Défis algorithmiques pour les simulations biomoléculaires et la conception de protéines

Abstract : Computational protein design is a method to modify proteins and obtain new properties, using their 3D structure and molecular modelling. To make the method more predictive, the models need continued improvement. In this thesis, we addressed the problem of explicitly representing the flexibility of the protein backbone. We developed a "multi-state" design approach, based on a small library of backbone conformations, defined ahead of time. In a Monte Carlo framework, given the rugged protein energy landscape, large backbone motions can only be accepted if precautions are taken. Thus, to explore these conformations, along with sidechain mutations and motions, we have introduced a new type of Monte Carlo move. The move is a "hybrid" one, where the backbone changes its conformation, then a short Monte Carlo relaxation of the sidechains is done, followed by an acceptation test. To obtain a Boltzmann sampling of states, the acceptation probability should have a specific form, which involves a path integral that is difficult to calculate. Two approximate forms are explored: the first is based on a single relaxation path, or "generating path" (Single Path Approximation or SPA). The second is more complex and relies on a collection of paths, obtained by shuffling the elementary steps of the generating path (Permuted Path Approximation or PPA). These approximations are tested in depth and compared on two proteins. Free energy differences between the backbone conformations are computed using three different approaches, which move the system reversibly from one conformation to another, but follow very different routes. Good agreement is obtained between the methods and a wide range of parameterizations, indicating that the free energy behaves as a state function, as it should, and strongly suggesting that Boltzmann sampling is verified. The sampling method is applied to the tyrosyl-tRNA synthetase enzyme, allowing us to identify sequences that prefer either an open or a closed conformation of an active site loop, so that in principle we can control, or design the loop conformation. Finally, we describe preliminary work to make the protein backbone fully flexible, moving within a continuous and not a discrete space. This new conformational space requires a complete reorganization of the energy calculation and Monte Carlo simulation scheme, increases simulation cost substantially, and requires a much more aggressive parallelization of our software.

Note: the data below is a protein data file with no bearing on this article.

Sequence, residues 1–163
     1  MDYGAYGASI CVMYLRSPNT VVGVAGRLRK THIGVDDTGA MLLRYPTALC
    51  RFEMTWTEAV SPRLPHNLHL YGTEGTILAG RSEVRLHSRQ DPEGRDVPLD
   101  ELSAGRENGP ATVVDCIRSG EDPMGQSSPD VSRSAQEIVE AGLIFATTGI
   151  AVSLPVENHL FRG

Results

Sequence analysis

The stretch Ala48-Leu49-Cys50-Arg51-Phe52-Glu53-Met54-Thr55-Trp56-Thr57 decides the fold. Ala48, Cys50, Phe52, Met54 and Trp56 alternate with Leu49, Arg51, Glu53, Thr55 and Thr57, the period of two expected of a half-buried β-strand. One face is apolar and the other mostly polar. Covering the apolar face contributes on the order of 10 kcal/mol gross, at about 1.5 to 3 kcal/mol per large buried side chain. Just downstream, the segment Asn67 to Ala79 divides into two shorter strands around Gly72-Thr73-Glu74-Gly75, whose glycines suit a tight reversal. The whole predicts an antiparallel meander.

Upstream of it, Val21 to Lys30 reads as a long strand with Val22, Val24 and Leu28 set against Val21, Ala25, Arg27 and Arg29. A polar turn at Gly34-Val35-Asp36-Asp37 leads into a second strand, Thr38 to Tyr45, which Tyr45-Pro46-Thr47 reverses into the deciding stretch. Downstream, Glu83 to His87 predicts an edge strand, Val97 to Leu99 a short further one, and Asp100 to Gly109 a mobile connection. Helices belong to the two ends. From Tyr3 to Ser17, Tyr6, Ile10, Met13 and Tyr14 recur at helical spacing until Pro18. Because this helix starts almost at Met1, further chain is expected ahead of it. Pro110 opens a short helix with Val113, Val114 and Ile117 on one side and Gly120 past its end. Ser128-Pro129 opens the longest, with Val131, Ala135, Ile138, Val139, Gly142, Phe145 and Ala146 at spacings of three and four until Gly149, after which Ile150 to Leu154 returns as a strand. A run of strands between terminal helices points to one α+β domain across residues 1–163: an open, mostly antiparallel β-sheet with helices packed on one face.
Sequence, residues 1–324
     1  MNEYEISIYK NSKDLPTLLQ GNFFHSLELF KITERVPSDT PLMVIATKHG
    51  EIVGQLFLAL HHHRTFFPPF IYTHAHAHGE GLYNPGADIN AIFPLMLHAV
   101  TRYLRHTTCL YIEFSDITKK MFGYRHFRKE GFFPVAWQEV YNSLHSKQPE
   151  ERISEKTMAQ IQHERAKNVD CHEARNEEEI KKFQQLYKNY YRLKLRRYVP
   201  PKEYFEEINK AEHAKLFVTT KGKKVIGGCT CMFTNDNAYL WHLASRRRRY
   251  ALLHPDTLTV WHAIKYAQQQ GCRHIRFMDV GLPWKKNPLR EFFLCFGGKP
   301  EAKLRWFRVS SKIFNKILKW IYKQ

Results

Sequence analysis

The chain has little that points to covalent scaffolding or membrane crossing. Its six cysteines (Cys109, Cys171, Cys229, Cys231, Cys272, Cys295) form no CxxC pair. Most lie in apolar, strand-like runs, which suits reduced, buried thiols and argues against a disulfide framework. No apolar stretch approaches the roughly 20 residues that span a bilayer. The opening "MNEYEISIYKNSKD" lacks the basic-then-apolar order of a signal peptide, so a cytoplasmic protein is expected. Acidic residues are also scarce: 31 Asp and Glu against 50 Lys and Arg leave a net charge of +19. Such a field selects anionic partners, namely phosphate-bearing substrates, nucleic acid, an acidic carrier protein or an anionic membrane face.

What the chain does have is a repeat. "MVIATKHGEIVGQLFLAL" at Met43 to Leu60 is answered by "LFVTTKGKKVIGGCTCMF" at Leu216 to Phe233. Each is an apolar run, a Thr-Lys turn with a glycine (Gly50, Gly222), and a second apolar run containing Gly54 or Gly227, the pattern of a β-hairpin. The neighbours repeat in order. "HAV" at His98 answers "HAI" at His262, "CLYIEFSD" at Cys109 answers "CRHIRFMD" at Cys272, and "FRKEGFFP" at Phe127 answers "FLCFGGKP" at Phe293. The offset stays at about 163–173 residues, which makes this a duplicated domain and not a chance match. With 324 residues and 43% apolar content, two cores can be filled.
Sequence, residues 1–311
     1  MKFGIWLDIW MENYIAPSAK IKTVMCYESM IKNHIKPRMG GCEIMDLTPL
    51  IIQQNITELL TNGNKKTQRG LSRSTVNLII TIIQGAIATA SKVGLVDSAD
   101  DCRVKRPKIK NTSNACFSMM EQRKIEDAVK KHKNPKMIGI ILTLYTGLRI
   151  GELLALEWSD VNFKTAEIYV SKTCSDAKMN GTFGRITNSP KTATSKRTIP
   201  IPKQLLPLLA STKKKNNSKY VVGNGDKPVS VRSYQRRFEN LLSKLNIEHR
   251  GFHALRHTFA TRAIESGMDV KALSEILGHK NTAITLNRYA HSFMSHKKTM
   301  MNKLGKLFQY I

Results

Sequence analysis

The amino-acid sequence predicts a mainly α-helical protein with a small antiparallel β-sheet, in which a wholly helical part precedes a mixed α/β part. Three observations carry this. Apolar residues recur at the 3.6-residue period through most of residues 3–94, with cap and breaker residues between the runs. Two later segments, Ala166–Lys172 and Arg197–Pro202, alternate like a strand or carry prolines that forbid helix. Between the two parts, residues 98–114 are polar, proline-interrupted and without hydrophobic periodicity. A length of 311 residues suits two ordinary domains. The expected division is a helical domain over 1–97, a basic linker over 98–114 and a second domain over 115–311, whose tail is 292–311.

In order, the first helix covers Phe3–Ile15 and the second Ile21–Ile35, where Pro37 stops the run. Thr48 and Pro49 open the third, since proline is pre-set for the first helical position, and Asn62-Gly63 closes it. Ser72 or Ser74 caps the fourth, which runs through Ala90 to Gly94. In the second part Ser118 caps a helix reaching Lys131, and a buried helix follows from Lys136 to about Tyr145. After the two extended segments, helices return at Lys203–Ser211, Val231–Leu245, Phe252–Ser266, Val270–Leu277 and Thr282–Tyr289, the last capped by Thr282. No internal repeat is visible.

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Karen Druart. Défis algorithmiques pour les simulations biomoléculaires et la conception de protéines. Bio-Informatique, Biologie Systémique [q-bio.QM]. Université Paris-Saclay, 2016. Français. ⟨NNT : 2016SACLX080⟩. ⟨tel-01502014⟩

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